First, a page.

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In the book A first course in Sobolev spaces by Leoni, the following Poincaré inequality for $W_0^{1,p}(\Omega)$ is stated:

Suppose $\Omega\subset \mathbb{R}^n$ has finite width (lies between two parallel hyperplanes) and $p\in [1,\infty)$. Then for all $u\in W^{1,p}_0(\Omega)$, $$\|u\|_{L^p} \leq C \|\nabla u\|_{L^p}$$

My question is: Does the Poincaré inequality above still hold for $p=\infty$? If yes, how to prove it? And if no, what is the counterexample?

Thank you.

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  • $\begingroup$ Is $W_0^{1,p}(\Omega)$ here the closure of $C_c^{\infty}(\Omega)$ under the Sobolev norm? $\endgroup$ – detnvvp Oct 16 '13 at 4:08
  • $\begingroup$ yes that's right. $\endgroup$ – digiboy1 Oct 16 '13 at 4:16
  • $\begingroup$ I think the answer would be false if $\Omega$ is not bounded. Let $\Omega =\mathbb R$ and $u$ be piecewise linear such that $u(0)=1$, $u(-r) = u(r) = 0$. Then $||u|| = 1$ but $||Du|| = 1/r$. $\endgroup$ – user99914 Oct 16 '13 at 4:30
  • $\begingroup$ What if I assume that $\Omega$ is bounded? $\endgroup$ – digiboy1 Oct 16 '13 at 4:58
  • $\begingroup$ The assumption that $\Omega$ has finite width implies that $\Omega$ is bounded in dimension $1$. $\endgroup$ – Tomás Oct 16 '13 at 12:15
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By the fundamental theorem of calculus we have that, if $u\in C_c^\infty(\mathbb{R}^n)$ and $x_0$ is such that $u(x_0)=0$ then

$$ u(x)=\int_0^1 \nabla u(tx+(1-t)x_0)\cdot (x-x_0)dt $$

from which we get

$$ |u(x)|\leq \| \nabla u \|_\infty |x-x_0| $$

Now if $\Omega$ has finite width and $u\in C_c^\infty(\Omega)$, then for every $x\in \Omega$ there is an $x_0 \notin \Omega$ such that $|x-x_0| \leq D$ (where $D$ is the distance between the two parallel hyperplanes bounding $\Omega$). We conclude that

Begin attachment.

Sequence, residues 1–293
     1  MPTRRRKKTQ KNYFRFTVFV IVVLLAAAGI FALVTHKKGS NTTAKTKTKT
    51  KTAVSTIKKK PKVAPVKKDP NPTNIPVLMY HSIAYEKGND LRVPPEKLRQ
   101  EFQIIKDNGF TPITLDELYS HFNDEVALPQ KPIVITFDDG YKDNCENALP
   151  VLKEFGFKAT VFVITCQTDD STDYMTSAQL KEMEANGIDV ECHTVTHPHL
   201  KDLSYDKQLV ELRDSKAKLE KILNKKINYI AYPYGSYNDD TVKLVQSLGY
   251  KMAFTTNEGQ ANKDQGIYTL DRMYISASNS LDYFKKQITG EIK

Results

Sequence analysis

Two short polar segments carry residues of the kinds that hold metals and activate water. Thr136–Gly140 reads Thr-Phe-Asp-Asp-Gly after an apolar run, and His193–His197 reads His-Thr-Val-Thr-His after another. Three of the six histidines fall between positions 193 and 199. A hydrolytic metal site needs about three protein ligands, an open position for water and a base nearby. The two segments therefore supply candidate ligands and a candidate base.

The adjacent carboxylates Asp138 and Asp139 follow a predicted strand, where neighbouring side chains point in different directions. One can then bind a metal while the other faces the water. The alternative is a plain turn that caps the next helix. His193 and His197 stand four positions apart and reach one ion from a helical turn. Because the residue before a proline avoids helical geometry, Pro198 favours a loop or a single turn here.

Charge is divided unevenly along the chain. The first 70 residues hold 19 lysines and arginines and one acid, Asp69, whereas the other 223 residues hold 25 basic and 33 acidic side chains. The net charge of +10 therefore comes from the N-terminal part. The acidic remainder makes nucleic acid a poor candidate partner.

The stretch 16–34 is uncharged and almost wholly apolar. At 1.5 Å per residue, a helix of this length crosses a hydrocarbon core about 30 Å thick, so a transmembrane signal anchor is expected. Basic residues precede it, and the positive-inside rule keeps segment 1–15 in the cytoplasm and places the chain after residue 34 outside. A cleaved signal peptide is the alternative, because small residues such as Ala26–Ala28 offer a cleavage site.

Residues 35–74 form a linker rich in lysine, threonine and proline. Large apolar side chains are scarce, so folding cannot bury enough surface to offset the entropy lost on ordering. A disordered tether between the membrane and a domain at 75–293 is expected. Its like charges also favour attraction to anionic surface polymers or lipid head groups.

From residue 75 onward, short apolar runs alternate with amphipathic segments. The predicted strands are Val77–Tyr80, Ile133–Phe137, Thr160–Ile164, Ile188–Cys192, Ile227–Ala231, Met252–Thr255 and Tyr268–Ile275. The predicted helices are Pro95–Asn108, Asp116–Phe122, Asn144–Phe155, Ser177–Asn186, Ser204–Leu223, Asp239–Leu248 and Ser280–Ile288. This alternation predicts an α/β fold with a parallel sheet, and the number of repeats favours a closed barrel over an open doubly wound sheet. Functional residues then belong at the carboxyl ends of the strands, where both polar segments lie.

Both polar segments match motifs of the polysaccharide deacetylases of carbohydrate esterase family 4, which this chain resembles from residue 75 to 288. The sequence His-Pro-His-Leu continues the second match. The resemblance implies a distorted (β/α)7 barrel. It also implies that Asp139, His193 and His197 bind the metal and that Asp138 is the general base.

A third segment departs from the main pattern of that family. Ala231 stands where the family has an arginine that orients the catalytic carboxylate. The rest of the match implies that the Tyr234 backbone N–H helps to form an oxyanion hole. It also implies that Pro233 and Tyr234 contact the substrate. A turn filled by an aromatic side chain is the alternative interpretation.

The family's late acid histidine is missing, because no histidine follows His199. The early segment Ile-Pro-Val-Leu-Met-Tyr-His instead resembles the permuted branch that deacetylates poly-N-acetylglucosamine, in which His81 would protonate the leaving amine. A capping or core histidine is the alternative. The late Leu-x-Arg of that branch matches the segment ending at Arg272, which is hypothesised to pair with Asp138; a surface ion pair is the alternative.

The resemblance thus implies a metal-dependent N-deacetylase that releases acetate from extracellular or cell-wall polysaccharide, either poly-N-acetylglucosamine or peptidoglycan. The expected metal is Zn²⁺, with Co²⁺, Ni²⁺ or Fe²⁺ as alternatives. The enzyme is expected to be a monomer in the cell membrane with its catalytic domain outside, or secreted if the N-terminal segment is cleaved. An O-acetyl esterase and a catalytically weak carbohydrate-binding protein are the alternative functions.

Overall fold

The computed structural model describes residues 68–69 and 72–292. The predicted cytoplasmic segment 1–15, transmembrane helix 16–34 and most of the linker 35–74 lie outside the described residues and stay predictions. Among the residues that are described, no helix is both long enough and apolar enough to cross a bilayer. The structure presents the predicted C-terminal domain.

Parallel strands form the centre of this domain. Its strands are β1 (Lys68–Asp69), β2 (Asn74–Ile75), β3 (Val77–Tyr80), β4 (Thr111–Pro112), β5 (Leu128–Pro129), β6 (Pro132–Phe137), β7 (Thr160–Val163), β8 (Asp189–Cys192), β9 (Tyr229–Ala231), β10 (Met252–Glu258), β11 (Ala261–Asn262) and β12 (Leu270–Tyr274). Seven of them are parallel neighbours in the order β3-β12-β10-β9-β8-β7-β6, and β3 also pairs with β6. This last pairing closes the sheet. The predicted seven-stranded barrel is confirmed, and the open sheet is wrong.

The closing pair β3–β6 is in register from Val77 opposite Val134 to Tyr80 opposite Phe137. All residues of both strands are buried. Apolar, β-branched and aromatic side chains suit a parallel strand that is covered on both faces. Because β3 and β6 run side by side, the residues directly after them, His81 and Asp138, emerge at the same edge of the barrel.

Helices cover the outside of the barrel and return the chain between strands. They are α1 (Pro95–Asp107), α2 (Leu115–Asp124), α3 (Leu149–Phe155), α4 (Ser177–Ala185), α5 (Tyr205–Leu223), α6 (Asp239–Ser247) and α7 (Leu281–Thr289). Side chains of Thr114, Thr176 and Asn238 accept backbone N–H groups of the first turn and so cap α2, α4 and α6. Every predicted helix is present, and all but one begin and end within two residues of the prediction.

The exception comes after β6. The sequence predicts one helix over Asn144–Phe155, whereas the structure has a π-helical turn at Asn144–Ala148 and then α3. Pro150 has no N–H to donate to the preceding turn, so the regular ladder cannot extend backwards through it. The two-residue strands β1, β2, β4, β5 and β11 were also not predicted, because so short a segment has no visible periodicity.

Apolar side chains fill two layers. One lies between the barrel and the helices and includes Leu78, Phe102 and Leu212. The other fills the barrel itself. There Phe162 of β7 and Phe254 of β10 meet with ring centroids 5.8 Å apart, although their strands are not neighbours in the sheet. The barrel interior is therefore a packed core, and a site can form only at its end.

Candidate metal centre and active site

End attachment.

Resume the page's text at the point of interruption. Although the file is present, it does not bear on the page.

$$ \| u\|_{\infty} \leq D \| \nabla u\|_{\infty}. $$

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  • $\begingroup$ How do you get around the fact that $C^{\infty}_{c}(\Omega)$ isn't dense in $W^{1,\infty}_{c}(\Omega)$? $\endgroup$ – fourierwho Apr 13 '18 at 2:36
  • $\begingroup$ @fourierwho: We can treat functions in $W^{1,\infty}_c(\mathbb{R}^n)$ directly since these are Lipschitz and the argument above still holds. $\endgroup$ – Jose27 Apr 13 '18 at 2:52
  • $\begingroup$ We need to assume the boundary of $U$ is sufficiently regular (e.g. $C^{1}$). Otherwise, $W^{1,\infty}(U)$ functions aren't necessarily Lipschitz. $\endgroup$ – fourierwho Apr 13 '18 at 3:00
  • $\begingroup$ @fourierwho: We're working with $W^{1,\infty}_0$ which has no such problems (although maybe I'm using a nonstandard definition of this space?). $\endgroup$ – Jose27 Apr 13 '18 at 3:03
  • $\begingroup$ That's a fair point. Can one prove that $W^{1,\infty}_{0}$ functions are Lipschitz regardless of the boundary regularity? I don't know the answer. I was only thinking of the fact that $W^{1,\infty}$ doesn't imply Lipschitz. $\endgroup$ – fourierwho Apr 13 '18 at 3:08
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$W^{1,\infty}$ is indeed larger than the bounded Lipschitz class. For example, if the domain has an internal cusp, say $U$ is the planar domain given by $U=\{(x,y)\in\mathbb{R}^2\, :\, |y|>e^{-1/x^2}\text{ when }x>0\}$, consider the function $f$ given by $f(x,y)$ is the inner distance (with respect to $U$) between $(1/2, e^{-4})$ and $(x,y)$, we have that $f$ is (at least locally) in $W^{1,\infty}(U)$ but fails to be Lipschitz. Functions in $W^{1,\infty}$ are locally Lipschitz though.

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